May I suggest /May I suggest to you/ May I suggest this is the best part of your life /May I suggest/ This time is blessed for you/ This time is blessed and shining almost blinding bright /Just turn your head /And you’ll begin to see The thousand reasons that were just beyond your sight /The reasons why /Why I suggest to you/ Why I suggest this is the best part of your life /There is a world /That’s been addressed to you /Addressed to you, intended only for your eyes/ A secret world /Like a treasure chest to you/ Of private scenes and brilliant dreams that mesmerize/ A lover’s trusting smile/ A tiny baby’s hands /The million stars that fill the turning sky at night /Oh I suggest/ Oh I suggest to you/ Oh I suggest this is the best part of your life /There is a hope /That’s been expressed in you/ The hope of seven generations, maybe more /And this is the faith /That they invest in you/ It’s that you’ll do one better than was done before/ Inside you know/ Inside you understand/ Inside you know what’s yours to finally set right/ And I suggest/ And I suggest to you /And I suggest this is the best part of your life /This is a song /Comes from the west to you/ Comes from the west, comes from the slowly setting sun/ With a request /With a request of you/ To see how very short the endless days will run /And when they’re gone /And when the dark descends /Oh we’d give anything for one more hour of light/ And I suggest this is the best part of your life.

–       Susan Werner

The music of our unmarred wholeness

I finally got to see Love and Mercy about Brian Wilson of the Beach Boys. It really illuminates how his genius was intertwined with a high level of sensitivity; an enlightened perception that became madness when the delicate balance needed to maintain his musical vision was upset by various external factors. What stuck me was how much one person in our lives bringing love and mercy can overcome the bludgeoning effects of cruelty and the ego’s need to dominate joy.

Brian can hear music in his head and is able to translate what he hears to other musicians. This is his way of connecting to his source.

Whatever we call our source, from love to the stream, by opening up our hearts and aligning our being with the music of our unmarred wholeness and sending it out in waves, we can alleviate suffering in the world.

“We think we are separate individuals and so all of our actions are involved in maintaining this separateness. Protecting it, feeding it, clothing it, moving it around and everything we do actually keeps that illusion of separateness going. That’s who I am, I’m me and your you; it’s obvious isn’t it? Yea, they say. On one level it’s obvious but people who know say there’s only one of us. And so if we are not planting seeds that are going to reveal that oneness to us, we are simply perpetuating our own pain because all of suffering comes from being lost in separateness.”- Krishna Das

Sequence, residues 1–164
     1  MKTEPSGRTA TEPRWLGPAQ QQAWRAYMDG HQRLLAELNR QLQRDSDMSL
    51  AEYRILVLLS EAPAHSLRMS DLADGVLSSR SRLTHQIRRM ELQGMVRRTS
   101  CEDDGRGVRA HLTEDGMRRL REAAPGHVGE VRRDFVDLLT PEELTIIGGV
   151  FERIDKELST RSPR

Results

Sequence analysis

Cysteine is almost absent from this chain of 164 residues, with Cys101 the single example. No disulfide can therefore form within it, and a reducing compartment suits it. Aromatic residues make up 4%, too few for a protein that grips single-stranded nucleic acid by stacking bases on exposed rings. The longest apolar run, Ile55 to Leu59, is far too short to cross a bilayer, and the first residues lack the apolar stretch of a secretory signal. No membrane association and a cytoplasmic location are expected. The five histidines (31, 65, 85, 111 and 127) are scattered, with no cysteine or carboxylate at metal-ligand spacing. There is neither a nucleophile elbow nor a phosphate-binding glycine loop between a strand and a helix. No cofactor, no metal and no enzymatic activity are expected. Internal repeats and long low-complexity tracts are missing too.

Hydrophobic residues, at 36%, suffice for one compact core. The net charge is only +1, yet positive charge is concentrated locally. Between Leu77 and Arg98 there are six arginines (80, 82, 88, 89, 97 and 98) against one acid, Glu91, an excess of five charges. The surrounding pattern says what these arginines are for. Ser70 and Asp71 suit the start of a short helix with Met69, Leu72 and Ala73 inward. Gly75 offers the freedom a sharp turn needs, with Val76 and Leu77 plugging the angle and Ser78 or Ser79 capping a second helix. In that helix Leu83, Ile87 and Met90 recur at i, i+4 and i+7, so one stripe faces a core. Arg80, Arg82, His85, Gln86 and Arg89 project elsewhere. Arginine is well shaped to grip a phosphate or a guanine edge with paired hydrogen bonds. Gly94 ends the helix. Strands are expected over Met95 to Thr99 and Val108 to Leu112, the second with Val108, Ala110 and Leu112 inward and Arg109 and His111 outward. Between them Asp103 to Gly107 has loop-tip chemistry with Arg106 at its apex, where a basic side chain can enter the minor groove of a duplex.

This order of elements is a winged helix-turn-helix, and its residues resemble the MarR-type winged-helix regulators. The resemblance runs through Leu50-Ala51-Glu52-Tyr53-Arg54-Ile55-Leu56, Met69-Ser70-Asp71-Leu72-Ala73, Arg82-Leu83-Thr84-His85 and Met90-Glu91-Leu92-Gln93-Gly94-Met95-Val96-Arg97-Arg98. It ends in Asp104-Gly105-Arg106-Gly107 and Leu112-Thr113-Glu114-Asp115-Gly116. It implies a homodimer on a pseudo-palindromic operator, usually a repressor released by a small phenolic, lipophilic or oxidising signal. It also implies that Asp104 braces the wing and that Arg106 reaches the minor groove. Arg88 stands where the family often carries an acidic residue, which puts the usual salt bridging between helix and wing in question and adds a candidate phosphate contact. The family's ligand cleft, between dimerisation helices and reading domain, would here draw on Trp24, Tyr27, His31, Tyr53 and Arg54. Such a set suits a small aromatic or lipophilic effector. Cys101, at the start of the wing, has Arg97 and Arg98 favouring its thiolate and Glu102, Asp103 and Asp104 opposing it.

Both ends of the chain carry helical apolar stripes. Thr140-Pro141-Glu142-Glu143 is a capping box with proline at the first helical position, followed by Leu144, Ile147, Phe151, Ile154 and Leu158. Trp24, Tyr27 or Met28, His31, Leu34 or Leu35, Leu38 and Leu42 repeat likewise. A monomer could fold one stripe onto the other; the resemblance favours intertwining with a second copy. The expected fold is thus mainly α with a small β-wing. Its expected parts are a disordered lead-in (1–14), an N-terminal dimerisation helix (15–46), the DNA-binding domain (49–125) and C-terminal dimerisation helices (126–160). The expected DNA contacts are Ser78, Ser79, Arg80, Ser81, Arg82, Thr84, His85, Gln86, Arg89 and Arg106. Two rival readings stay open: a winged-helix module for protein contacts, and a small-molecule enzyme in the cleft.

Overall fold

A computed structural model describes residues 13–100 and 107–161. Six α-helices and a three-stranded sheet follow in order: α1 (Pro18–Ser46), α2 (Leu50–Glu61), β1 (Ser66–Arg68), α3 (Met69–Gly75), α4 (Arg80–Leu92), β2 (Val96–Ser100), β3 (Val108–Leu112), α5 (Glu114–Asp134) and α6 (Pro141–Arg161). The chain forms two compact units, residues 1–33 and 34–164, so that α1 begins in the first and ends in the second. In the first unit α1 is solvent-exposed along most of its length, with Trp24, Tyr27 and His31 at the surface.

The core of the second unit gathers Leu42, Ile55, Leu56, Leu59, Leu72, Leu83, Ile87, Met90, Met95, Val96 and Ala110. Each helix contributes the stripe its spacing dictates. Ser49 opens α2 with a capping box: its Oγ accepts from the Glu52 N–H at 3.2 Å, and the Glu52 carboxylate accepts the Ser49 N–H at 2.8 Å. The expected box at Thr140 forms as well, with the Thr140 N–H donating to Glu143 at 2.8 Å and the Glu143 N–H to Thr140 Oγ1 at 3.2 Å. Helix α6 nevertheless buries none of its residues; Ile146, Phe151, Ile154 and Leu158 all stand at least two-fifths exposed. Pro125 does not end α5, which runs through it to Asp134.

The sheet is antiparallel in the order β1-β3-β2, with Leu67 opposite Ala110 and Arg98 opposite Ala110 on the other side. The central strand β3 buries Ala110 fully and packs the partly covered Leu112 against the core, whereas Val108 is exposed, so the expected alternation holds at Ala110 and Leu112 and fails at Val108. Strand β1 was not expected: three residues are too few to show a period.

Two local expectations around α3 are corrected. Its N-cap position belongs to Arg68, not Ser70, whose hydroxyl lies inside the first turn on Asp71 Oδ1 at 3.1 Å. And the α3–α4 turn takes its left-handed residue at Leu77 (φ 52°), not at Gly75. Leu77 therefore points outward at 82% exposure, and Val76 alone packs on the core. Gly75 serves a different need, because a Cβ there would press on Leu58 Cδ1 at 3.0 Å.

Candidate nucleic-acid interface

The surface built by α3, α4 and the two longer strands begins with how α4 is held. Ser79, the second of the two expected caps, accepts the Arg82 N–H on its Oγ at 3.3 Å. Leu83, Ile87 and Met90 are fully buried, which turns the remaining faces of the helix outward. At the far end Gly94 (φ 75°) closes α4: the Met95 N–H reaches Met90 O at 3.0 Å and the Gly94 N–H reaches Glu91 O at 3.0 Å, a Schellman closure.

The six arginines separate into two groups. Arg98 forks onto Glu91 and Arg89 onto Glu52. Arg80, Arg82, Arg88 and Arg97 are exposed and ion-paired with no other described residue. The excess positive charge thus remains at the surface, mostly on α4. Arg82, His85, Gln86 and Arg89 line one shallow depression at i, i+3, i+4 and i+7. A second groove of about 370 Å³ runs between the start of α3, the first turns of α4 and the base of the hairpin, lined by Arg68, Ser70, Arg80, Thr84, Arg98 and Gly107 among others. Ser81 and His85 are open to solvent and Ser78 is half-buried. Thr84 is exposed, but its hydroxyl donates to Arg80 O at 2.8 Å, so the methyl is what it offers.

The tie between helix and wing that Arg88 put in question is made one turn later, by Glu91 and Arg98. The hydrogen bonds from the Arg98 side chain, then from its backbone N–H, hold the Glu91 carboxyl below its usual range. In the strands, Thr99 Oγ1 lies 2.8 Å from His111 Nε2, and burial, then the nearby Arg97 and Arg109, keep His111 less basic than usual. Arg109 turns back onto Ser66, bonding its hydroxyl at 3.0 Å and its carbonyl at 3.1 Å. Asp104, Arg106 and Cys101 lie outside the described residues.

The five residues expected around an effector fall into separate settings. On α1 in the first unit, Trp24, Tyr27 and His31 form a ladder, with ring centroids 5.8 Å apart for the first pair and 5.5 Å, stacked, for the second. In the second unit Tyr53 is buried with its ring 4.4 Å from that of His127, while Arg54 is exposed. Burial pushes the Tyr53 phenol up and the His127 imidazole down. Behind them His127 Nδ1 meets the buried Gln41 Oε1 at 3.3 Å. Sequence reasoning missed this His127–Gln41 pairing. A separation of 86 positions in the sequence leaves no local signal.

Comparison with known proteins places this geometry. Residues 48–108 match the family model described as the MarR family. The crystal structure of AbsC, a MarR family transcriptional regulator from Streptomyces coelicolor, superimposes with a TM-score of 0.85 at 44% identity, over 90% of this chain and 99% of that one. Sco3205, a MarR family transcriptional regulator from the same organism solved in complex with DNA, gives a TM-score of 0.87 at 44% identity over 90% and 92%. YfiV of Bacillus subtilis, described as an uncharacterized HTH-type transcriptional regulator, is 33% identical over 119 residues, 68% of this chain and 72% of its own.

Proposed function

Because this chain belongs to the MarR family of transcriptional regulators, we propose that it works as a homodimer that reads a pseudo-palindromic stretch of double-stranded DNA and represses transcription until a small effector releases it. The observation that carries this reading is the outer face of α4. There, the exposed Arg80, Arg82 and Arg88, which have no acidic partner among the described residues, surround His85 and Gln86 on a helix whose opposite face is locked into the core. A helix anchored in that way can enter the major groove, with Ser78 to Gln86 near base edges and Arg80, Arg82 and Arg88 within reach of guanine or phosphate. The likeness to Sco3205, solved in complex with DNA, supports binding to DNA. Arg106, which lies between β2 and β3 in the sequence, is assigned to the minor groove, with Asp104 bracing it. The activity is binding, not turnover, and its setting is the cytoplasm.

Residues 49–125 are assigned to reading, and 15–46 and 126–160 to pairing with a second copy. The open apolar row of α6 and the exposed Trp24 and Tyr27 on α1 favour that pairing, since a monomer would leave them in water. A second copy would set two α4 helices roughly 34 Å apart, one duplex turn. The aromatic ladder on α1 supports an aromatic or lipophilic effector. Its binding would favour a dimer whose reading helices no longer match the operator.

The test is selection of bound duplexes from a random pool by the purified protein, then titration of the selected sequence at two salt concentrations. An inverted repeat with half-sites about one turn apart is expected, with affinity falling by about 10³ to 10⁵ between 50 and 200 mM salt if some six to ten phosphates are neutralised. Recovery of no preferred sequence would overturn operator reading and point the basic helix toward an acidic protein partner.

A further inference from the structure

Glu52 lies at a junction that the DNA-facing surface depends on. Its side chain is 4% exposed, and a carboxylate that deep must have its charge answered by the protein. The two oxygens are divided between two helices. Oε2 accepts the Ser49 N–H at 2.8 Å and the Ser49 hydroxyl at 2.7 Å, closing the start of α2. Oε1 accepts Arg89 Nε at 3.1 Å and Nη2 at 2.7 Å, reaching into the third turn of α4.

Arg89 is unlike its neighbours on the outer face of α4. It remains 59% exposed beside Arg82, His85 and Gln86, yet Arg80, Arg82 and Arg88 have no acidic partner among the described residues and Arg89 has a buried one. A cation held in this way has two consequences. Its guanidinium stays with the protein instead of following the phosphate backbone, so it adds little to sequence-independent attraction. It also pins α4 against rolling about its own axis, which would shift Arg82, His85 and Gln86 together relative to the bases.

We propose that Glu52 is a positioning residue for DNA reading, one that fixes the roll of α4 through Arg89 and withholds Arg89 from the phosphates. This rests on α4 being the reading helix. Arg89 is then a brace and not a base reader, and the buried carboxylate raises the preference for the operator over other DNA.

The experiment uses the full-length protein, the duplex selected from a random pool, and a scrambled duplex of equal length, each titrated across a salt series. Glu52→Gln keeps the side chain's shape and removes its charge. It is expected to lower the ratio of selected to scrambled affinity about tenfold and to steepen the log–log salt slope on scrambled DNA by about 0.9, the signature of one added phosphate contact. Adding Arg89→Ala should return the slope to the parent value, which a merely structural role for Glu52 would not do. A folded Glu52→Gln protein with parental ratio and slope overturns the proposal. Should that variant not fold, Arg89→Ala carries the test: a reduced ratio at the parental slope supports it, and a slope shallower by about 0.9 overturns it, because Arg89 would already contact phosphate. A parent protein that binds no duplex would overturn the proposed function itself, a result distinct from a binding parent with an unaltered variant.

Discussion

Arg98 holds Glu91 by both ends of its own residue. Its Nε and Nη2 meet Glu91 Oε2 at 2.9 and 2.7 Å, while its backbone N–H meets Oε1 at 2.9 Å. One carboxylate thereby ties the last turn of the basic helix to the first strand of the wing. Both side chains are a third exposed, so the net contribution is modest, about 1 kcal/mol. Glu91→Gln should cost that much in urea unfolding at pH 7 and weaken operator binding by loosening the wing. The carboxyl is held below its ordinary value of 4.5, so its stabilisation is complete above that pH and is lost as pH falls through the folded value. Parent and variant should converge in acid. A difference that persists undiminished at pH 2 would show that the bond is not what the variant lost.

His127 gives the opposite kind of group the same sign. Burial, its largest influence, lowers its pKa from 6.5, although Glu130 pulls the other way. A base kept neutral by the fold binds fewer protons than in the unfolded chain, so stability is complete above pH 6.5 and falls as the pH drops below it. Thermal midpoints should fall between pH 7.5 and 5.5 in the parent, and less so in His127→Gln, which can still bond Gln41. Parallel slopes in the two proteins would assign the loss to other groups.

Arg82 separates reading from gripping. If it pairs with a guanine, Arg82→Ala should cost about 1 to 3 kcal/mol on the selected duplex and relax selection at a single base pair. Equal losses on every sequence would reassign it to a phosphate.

Krishna Das: Sewing Seeds of Oneness:

May your music, whatever that is for you, not only be heard but plant the seeds that grow into a tree whose roots break up the concrete of separateness.

Krishna Das chants in the Spring

The song that reaches us from beyond all that we know is the answer to the yearning we have sent out as a signal.


Between the posts of Passover and Easter, the themes of emancipation and renewal welcome in the Spring with a pagan delight. I found it interesting that this holiday weekend was bookended by attending a kirtan and watching a documentary – both with Krishna Das. Well, sort of- we got to meet him Thursday night, which inspired us to see the documentary about his life on Sunday.

The kirtan Thursday night was the first time we had seen Krishna Das.  He leads the kirtan while paying harmonium, joined by a tabla, bass, guitarist, percussionist, and singing chime player.   It was a benefit for the Tibetan House of Hope that currently houses, feeds, clothes, educates and loves 140 children who would otherwise be homeless. The children aren’t put up for adoption but live and are raised in a Tibetan community where they dance and thrive together.

“I don’t know why they wanted a Jewish Hindu to sing Buddhist chants, he laughed, “People think I’m Hindu because I sing these songs.” “I’m not Hindu, I’m from Long Island.  I think being a good human being on this planet is what is needed now. That’s what I’m going for.”

Kirtan is wonderfully inclusive. He sang two lines and then the audience repeated back. The audience becomes part of the prayer, even if they don’t know it. The ensemble hypnotically settles you into a meditative state and then press into the tempo, raising it up until your atoms are dancing, whether you have gotten out of your chair or not. High vibration!

There are people who follow him around, like the Grateful Dead but without the drugs and as many strung-out and lost feelings.

I encourage you to see the documentary One Track Heart about his life.  It points up the difficulty of finding and staying on our path. He was solidly on his path, but allowed self-blame, doubt and his ego to mislead him. When he made his way back, I felt like I had made the journey with him. The feeling that prevailed opened me up to viewing my own path with renewed perspective.

Wherever you are, may Spring find you fully.